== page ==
The law enforcement agency also shall consider any specific restrictions identified by the officer's physician.  Temporary reassignment of an officer to maternity duty shall be made consistent with the operational needs of the law enforcement agency.

     (4)  Except as provided in subsection f. of this section, a law enforcement officer working in a maternity duty status may retain possession of a firearm issued by a law enforcement agency.

     e.  (1)  A law enforcement officer who is pregnant and on full-duty status may modify the officer's uniform to accommodate the pregnancy by purchasing maternity trousers and shirts through the law enforcement agency's uniform supplier. 

     (2)   A law enforcement officer who is pregnant and on full-duty status shall not be exempt from wearing body armor when engaged in field activities or from wearing the officer's regulation duty belt or service weapon. 

     A law enforcement officer who is pregnant and on maternity duty shall be exempt from wearing body armor and the officer's regulation duty belt, however the officer shall carry her duty sidearm in the off- duty holster issued by the law enforcement agency or an alternate holster approved by the law enforcement agency.

     (3)   Any cost associated with the purchase of uniform maternity trousers and shirts through the uniform supplier or modifying the body armor shall be the responsibility of the officer, unless otherwise provided for in the law enforcement agency's collective bargaining agreement.

     (4)   When the pregnancy progresses to the point that wearing a uniform is not feasible, the chief of police may permit the officer to wear plain clothes if the officer is assigned to maternity duty.

     When the pregnancy progresses to the point where wearing a sidearm is not feasible, the chief of police may permit an exemption.

     f.  (1)  A law enforcement officer who is pregnant shall be exempt from the mandatory handgun qualification requirements until the officer is certified for full-duty status, at which time the officer shall be scheduled for a handgun qualification by the supervising firearms instructor. 

     (2)   If the law enforcement officer is beyond the mandatory handgun qualification period, the officer shall be required to surrender the officer's department-issued sidearm to the supervising firearms instructor, who shall provide notification of this requirement to the officer, and shall be prohibited from wearing an off-duty firearm until the officer has been re-qualified by the supervising firearms instructor.

     g.    (1)  Any evaluation made by the law enforcement agency's physician shall be limited to a review of the officer's medical records, which shall be provided by the officer, and consultation with the officer and the officer's physician.  The law enforcement agency's physician shall not routinely examine the officer for pregnancy-related matters.  If the medical records provided by the officer are insufficient to make a determination regarding the officer's assignment, the physician may recommend that the officer be examined by an obstetrician gynecologist.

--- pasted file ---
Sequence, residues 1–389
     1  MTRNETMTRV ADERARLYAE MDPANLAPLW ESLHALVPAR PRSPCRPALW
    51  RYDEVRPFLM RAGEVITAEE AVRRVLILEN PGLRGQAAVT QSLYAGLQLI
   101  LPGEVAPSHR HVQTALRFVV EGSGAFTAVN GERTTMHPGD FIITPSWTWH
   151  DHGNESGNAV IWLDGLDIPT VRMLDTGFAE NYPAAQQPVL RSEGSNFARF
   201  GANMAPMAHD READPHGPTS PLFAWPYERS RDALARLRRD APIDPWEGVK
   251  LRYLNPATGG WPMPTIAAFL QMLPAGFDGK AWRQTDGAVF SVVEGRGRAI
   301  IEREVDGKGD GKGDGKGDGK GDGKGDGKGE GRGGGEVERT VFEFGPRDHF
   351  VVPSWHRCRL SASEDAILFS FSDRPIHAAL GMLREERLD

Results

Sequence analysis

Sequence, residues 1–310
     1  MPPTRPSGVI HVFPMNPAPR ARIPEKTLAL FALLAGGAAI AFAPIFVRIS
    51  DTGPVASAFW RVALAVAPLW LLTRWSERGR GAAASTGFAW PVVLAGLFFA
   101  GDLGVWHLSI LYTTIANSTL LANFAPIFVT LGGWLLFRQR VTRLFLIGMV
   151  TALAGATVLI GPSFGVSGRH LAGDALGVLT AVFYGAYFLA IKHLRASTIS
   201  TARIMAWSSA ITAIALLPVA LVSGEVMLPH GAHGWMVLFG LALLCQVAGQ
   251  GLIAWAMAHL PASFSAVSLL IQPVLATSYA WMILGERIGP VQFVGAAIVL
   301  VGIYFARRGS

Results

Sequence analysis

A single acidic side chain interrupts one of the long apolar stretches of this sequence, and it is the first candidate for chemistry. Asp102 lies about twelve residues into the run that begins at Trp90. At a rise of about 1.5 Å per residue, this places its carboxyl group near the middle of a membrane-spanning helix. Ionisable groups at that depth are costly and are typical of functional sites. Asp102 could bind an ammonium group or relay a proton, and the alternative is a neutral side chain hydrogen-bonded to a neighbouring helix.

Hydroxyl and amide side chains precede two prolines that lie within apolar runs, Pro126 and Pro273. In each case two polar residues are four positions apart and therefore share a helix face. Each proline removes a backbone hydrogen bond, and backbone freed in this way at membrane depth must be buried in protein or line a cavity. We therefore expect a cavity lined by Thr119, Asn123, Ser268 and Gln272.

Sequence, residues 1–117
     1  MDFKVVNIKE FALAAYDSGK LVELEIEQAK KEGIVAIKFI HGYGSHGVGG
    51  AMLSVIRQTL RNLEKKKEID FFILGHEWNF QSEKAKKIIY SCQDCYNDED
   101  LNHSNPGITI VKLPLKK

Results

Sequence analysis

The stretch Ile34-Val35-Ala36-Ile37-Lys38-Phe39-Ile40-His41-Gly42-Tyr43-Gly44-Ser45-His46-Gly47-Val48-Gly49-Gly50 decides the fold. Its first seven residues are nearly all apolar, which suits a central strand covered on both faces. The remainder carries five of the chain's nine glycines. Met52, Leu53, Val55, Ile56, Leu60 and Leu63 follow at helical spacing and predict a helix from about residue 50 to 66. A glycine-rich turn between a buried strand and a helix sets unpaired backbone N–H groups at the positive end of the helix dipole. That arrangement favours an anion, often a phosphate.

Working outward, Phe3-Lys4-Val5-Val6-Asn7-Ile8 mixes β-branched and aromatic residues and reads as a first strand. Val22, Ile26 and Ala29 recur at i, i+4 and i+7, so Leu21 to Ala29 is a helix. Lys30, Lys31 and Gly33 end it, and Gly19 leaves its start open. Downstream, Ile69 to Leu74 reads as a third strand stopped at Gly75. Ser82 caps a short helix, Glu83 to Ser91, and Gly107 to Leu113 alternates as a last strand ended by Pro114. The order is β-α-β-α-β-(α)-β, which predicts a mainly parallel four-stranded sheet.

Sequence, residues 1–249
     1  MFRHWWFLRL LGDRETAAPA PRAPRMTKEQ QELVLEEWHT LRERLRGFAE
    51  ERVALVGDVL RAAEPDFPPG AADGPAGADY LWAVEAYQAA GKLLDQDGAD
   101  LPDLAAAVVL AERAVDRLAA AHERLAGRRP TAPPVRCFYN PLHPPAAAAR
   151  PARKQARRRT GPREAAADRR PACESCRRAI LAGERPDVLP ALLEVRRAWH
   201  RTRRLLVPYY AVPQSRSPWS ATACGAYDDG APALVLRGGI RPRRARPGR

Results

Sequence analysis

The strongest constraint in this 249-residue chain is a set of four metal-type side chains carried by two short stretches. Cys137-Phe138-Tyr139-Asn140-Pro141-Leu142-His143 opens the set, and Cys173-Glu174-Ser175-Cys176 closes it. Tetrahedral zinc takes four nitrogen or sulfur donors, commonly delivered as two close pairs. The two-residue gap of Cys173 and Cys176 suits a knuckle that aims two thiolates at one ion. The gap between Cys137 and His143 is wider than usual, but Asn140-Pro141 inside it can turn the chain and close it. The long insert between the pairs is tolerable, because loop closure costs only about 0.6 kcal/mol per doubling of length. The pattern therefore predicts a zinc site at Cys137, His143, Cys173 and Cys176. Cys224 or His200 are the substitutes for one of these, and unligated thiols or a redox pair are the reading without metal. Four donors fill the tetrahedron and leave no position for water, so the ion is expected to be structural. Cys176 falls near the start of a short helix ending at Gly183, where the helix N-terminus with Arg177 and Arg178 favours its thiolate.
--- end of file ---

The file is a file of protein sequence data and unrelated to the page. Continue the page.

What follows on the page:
(2)  A law enforcement officer who is pregnant shall be permitted to work as long as the officer is able to perform the duties of her job and shall not be subjected to special procedures to determine the officer's ability to work.

     If the officer becomes unable to perform the functions of her maternity duty assignment, the law enforcement agency may require the officer to take leave in compliance with the Family and Medical Leave Act and any other applicable law.

     If an officer has been temporarily absent from work as a result of a pregnancy-related condition and she recovers, she shall not be required to remain on leave until the officer gives birth.

     h.    (1) When an officer, who has been on an extended absence of 30 calendar days or longer due to pregnancy, plans to return to duty, the officer shall:

     (a)   request to meet with the officer's commanding officer immediately upon returning to work;

     (b)   provide documentation of medical fitness for duty, subject to review by the law enforcement agency's medical advisor;

     (c)   assist the officer's commanding officer in identifying her individual needs, which may include accommodations for lactation; and

     (d)   accomplish all reintegration tasks as directed by the commanding officer.

     (2)  When a law enforcement officer returns to duty after an extended absence of 30 calendar days or longer due to pregnancy, the officer's commanding officer shall meet with the officer and conduct a reintegration interview.  A reorientation program shall be developed for each individual employee taking into consideration the unique circumstances of that officer.

 

     2.    This act shall take effect on the first day of the fourth month after enactment.

 

 

STATEMENT